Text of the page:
As discussed in our previous article, on April 29th, 2021, the Ontario government introduced the COVID-19 Putting Workers First Act, which mandates paid sick days related to COVID-19. This program, which was previously slated to end on July 31, 2022, has now been extended to March 31, 2023.
The COVID-19 Putting Workers First Act, an amendment to the Employment Standards Act, 2000 (“ESA”) requires that Ontario employers provide employees with up to three days of paid infectious disease emergency leave (“IDEL”) if the employee cannot work for reasons related to COVID-19. These days do not need to be taken consecutively. Workers are entitled to up to $200 per day, without the need for a medical note, for the following reasons related to COVID-19:
- going for a COVID‑19 test
- staying home awaiting the results of a COVID‑19 test
- being sick with COVID‑19
- getting individual medical treatment for mental health reasons related to COVID‑19
- going to get vaccinated
- experiencing a side effect from a COVID‑19 vaccination
- having been advised to self-isolate due to COVID‑19 by an employer, medical practitioner or other specified authority
- providing care or support to certain relatives for COVID‑19 related reasons, such as when they are:
- sick with COVID‑19 or have symptoms of COVID‑19
- self-isolating due to COVID‑19 on the advice of a medical practitioner or other specified authority
- providing care or support to their child who is getting vaccinated against COVID‑19 or is experiencing side effects from the vaccine
If an employee takes paid IDEL under this program, the employer may then apply to the Workplace Safety and Insurance Board for a reimbursement of up to $200 per day of paid leave taken by the employee. Eligible employers must make their application for reimbursement within 120 days of the date the employee was paid, or by July 29, 2023 (whichever is earlier).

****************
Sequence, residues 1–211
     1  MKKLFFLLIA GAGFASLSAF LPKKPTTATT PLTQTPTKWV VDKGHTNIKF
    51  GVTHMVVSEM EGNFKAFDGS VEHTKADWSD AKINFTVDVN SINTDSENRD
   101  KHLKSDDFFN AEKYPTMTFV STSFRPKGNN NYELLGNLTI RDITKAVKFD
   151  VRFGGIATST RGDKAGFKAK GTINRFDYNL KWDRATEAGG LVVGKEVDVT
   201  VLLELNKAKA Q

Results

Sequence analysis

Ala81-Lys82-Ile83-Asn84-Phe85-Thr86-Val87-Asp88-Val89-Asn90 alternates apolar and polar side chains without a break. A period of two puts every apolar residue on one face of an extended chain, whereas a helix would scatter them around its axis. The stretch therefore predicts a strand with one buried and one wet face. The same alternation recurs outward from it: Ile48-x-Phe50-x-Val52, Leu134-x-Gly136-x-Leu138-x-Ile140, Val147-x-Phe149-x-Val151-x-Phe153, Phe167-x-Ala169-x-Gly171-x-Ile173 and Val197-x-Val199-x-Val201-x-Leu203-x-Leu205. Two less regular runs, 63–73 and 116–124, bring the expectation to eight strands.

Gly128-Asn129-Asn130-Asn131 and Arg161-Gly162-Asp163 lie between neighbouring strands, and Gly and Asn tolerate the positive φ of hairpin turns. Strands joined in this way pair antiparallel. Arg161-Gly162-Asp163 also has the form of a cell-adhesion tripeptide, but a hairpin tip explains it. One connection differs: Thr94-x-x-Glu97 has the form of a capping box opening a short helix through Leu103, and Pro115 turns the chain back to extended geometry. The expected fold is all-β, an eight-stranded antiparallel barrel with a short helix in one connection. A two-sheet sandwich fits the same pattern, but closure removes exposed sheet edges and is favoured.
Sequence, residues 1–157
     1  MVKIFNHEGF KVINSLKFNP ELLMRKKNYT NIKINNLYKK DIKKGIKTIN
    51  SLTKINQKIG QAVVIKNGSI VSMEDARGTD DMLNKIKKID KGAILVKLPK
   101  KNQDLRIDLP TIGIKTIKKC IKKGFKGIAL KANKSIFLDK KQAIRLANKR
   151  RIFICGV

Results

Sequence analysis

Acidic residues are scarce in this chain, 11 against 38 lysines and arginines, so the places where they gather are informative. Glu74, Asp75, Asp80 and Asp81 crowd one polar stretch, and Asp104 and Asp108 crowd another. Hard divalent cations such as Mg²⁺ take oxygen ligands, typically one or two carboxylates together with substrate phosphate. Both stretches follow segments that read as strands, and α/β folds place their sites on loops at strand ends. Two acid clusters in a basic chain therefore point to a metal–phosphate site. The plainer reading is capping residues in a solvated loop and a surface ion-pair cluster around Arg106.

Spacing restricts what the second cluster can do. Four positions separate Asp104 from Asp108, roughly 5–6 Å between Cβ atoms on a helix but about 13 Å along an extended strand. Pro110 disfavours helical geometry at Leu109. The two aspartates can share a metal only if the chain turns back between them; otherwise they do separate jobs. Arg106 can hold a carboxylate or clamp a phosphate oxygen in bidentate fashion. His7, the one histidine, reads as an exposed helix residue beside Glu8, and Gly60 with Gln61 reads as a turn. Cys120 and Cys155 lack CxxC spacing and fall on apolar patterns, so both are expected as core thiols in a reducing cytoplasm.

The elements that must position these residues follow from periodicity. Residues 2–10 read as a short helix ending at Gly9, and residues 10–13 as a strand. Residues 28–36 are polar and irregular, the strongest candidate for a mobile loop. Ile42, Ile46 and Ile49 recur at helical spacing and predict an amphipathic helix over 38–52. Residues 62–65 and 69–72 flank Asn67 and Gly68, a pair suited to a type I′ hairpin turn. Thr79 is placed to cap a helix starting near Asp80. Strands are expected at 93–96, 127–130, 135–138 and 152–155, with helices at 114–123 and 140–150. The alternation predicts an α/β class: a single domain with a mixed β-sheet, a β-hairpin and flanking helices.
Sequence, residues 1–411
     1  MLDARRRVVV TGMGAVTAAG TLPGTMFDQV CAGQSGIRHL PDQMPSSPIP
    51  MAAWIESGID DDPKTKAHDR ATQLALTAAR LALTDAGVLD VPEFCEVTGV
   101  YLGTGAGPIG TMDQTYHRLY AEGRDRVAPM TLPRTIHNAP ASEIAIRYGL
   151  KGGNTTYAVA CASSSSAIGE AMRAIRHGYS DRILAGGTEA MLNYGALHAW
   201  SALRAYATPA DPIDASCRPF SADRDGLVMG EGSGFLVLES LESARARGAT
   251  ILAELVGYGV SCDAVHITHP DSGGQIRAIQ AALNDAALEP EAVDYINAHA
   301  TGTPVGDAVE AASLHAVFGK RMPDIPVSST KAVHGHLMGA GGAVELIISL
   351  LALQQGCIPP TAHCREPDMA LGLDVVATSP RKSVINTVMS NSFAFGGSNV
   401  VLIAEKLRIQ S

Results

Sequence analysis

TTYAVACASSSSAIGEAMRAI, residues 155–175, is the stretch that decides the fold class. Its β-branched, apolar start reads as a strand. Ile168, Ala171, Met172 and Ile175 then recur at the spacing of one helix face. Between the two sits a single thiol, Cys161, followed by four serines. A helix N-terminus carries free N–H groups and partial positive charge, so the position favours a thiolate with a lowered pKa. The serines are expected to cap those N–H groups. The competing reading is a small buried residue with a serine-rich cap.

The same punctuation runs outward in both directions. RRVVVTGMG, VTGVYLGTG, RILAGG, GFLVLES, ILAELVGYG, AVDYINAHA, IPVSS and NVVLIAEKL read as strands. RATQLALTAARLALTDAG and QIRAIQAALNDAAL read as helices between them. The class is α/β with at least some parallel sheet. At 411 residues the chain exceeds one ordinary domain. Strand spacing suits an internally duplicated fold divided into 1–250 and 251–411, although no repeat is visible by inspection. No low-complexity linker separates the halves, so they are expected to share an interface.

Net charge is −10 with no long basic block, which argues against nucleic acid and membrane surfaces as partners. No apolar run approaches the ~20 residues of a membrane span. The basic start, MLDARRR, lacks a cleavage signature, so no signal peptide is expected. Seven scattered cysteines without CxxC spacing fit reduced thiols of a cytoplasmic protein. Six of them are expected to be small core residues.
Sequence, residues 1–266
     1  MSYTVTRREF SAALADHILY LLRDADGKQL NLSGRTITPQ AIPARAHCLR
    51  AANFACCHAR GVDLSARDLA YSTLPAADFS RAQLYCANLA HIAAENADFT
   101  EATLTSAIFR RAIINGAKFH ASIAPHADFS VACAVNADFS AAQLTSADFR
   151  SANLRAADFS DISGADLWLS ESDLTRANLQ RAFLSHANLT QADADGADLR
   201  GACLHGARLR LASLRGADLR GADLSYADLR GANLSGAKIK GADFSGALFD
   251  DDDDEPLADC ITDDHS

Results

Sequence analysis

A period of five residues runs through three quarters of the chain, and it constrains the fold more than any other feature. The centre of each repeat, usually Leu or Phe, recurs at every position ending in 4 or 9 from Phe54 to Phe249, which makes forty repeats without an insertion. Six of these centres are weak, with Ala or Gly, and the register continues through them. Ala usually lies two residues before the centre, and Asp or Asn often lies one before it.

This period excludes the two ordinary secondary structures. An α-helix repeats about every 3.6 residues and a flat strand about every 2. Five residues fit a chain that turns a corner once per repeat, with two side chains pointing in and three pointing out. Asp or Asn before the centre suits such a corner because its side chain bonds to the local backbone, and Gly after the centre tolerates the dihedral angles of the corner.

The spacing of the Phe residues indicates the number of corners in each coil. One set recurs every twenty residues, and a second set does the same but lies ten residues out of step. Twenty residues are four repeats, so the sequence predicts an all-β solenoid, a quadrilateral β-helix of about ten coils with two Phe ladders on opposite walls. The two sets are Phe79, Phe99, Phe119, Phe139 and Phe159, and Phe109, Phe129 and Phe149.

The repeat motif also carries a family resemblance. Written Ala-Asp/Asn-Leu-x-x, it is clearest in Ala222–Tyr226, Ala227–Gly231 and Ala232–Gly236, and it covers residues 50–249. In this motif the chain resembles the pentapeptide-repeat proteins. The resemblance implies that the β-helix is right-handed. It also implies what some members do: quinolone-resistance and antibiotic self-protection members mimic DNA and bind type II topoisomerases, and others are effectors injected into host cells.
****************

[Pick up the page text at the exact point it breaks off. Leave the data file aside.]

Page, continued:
The three days of paid IDEL are in addition to unpaid IDEL. Employees continue to have the right to take unpaid, job-protected sick leave related to a designated infectious disease. The unpaid IDEL can be used by an employee once paid IDEL has been exhausted. This is available to all workers covered by the ESA. The reasons an employee may take this leave can be found here.
The paid and unpaid IDEL are job-protected leaves of absence under the ESA, meaning that employers cannot threaten, fire or penalize an employee in any way because the employee takes or plans on taking paid or unpaid IDEL. Contravening these rules is a violation of the ESA can result in penalties under the ESA, in addition to other employer liability.
WeirFoulds will continue to monitor this program and any changes or extensions. Stay tuned.
For assistance with your organization’s compliance with the IDEL requirements or advice on any other employment law matter for your organization, please feel free to contact Daniel Wong or Seth Holland of WeirFoulds’ Employment Law Group.
The information and comments herein are for the general information of the reader and are not intended as advice or opinion to be relied upon in relation to any particular circumstances. For particular application of the law to specific situations, the reader should seek professional advice.